In early recovery, writing this list is hard. Your brain is healing. You’re just starting the process of cognitive restructuring. Consequently, your thoughts tend toward the negative. You may not even know yourself – your likes and dislikes – and what makes you happy. This is completely normal. But it’s important to start somewhere.

Even though I’ve had a little practice, it’s easy to forget the significance of this activity. Since I didn’t slow down until the 130-150 mark, I decided to challenge myself and push to 200. I stress this to my clients: it’s not a competition. It’s an awakening of the spirit.

I’d love to see your list! Share in the comments!

200 Things That Make Me Happy – A Gratitude List

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Courtesy of https://www.alifeinprogress.ca/
  1. my wife, J.L.
  2. my dog, Cedric
  3. my Subaru
  4. dry shampoo
  5. Pressed Cafe (5a. iced mocha lattes, 5b. beet salads, 5c. white chocolate cookies, 5d. spicy Greek burritos, 5e. grilled tofu 5f. pesto mac & cheese)
  6. overalls
  7. the baby curls at the back of J.L.’s neck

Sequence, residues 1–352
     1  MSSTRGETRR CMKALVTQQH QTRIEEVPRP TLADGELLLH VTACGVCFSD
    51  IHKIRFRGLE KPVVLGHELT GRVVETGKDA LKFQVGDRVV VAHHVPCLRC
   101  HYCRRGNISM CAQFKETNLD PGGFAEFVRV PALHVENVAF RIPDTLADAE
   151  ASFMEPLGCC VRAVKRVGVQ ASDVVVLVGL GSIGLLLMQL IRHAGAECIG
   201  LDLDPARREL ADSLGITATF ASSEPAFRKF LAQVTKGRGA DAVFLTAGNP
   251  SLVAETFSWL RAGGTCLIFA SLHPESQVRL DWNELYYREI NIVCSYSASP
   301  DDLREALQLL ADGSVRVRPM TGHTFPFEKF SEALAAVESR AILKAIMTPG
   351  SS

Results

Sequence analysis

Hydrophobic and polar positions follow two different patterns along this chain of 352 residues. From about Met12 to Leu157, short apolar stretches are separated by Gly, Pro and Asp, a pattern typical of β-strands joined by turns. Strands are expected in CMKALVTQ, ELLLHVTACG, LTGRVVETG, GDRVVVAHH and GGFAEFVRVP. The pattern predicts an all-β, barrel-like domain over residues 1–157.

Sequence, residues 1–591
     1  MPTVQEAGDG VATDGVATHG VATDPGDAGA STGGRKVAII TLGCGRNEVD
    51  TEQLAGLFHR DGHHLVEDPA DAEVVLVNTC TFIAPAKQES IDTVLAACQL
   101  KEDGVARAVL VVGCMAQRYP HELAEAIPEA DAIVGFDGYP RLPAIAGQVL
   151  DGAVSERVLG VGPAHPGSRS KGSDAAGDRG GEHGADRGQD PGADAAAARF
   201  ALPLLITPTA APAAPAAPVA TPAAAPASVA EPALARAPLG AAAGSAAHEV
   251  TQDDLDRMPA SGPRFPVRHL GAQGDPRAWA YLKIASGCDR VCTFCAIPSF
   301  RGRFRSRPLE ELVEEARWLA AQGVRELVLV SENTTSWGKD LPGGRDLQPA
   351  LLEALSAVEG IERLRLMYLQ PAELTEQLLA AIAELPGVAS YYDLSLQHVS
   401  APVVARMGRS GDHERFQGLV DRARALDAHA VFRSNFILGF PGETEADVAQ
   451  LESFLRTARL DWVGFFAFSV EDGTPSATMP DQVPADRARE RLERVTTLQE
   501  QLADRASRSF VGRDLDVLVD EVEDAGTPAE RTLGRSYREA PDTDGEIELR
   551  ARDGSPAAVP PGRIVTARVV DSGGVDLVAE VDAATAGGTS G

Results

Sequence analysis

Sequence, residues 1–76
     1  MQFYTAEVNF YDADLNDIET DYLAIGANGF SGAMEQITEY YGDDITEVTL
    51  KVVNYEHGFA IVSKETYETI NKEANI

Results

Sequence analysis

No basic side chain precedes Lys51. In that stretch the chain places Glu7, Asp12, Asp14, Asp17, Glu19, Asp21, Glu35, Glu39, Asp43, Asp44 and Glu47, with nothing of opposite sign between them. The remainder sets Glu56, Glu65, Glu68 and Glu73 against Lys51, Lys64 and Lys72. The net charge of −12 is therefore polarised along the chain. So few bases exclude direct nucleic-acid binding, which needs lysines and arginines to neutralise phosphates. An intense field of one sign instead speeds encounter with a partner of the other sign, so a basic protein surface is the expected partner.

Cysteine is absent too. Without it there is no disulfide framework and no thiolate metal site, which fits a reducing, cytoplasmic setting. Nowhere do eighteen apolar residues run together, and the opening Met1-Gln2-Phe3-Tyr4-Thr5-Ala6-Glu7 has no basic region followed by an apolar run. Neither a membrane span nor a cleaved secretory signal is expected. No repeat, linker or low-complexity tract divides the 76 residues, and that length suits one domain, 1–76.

8. J.L.’s hugs
  9. Trader Joe’s
  10. apple pie
  11. most pie, really
  12. my porch
  13. porches in general
  14. knowing there’s a good show waiting on Netflix
  15. Kissing Cedric’s paws and lips
  16. when Cedric’s paws smell like sweet grass
  17. sweatpants
  18. when Chipotle makes my burrito bowl just right
  19. the sound of peepers
  20. Stevie Nicks
  21. tattoos
  22. airports
  23. tokyo milk honey & the moon candle
  24. farmers’ markets
  25. fresh Maine seafood
  26. antique stores
  27. book stores
  28. botanical gardens
  29. regular gardens
  30. greenhouses
  31. fuzzy blankets
  32. finding a rare seashell
  33. soft serve
  34. FoMu vegan shakes
  35. Olive Garden
  36. french fries for dinner (with honey mustard or sweet & sour dipping sauce)
  37. Mike’s Pastries
  38. aquariums
  39. street art
  40. Christmas stockings
  41. string lights
  42. northern lights dark rum & oak candle
  43. campfires/fire pits
  44. Annie’s cheddar flavor vegan mac ‘n cheese
  45. independent film
  46. Cedric’s puppy noises
  47. kettle cooked chips
  48. my Sudanese prayer beads
  49. dog memes
  50. art museums
  51. Augusten Burroughs
  52. Patti Smith
  53. a hot shower after a long day
  54. that feeling when J.L. and I are driving away from the city toward adventure
  55. when wise old people tell good stories or say profound things
  56. TV shows starring, written or produced by Ricky Gervais
  57. Nadia Bolz-Weber
  58. pin-up girls
  59. Converse
  60. the smell of the Atlantic ocean
  61. Waterfire
  62. vintage markets
  63. street festivals
  64. when J.L. laughs really hard